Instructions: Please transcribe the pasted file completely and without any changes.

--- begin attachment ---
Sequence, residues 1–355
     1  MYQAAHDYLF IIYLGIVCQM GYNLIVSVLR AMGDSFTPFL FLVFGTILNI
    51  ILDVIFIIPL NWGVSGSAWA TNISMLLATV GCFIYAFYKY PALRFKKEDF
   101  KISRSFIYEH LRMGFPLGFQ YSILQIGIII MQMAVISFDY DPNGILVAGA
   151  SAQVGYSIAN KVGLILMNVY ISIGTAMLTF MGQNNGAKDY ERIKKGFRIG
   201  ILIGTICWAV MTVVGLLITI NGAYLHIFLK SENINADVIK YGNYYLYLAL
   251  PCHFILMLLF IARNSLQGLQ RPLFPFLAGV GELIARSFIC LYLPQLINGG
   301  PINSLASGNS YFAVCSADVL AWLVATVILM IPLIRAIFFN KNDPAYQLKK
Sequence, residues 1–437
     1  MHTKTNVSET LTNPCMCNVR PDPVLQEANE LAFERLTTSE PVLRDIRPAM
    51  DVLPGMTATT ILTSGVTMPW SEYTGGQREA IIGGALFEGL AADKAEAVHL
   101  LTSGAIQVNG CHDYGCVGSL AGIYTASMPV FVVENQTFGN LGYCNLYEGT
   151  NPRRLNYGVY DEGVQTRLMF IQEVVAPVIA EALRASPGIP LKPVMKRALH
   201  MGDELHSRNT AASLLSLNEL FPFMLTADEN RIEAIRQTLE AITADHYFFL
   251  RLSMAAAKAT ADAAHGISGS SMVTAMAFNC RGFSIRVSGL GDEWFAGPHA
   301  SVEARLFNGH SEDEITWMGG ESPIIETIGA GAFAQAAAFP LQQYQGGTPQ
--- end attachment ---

Sequence, residues 1–355
     1  MYQAAHDYLF IIYLGIVCQM GYNLIVSVLR AMGDSFTPFL FLVFGTILNI
    51  ILDVIFIIPL NWGVSGSAWA TNISMLLATV GCFIYAFYKY PALRFKKEDF
   101  KISRSFIYEH LRMGFPLGFQ YSILQIGIII MQMAVISFDY DPNGILVAGA
   151  SAQVGYSIAN KVGLILMNVY ISIGTAMLTF MGQNNGAKDY ERIKKGFRIG
   201  ILIGTICWAV MTVVGLLITI NGAYLHIFLK SENINADVIK YGNYYLYLAL
   251  PCHFILMLLF IARNSLQGLQ RPLFPFLAGV GELIARSFIC LYLPQLINGG
   301  PINSLASGNS YFAVCSADVL AWLVATVILM IPLIRAIFFN KNDPAYQLKK
Sequence, residues 1–437
     1  MHTKTNVSET LTNPCMCNVR PDPVLQEANE LAFERLTTSE PVLRDIRPAM
    51  DVLPGMTATT ILTSGVTMPW SEYTGGQREA IIGGALFEGL AADKAEAVHL
   101  LTSGAIQVNG CHDYGCVGSL AGIYTASMPV FVVENQTFGN LGYCNLYEGT
   151  NPRRLNYGVY DEGVQTRLMF IQEVVAPVIA EALRASPGIP LKPVMKRALH
   201  MGDELHSRNT AASLLSLNEL FPFMLTADEN RIEAIRQTLE AITADHYFFL
   251  RLSMAAAKAT ADAAHGISGS SMVTAMAFNC RGFSIRVSGL GDEWFAGPHA
   301  SVEARLFNGH SEDEITWMGG ESPIIETIGA GAFAQAAAFP LQQYQGGTPQ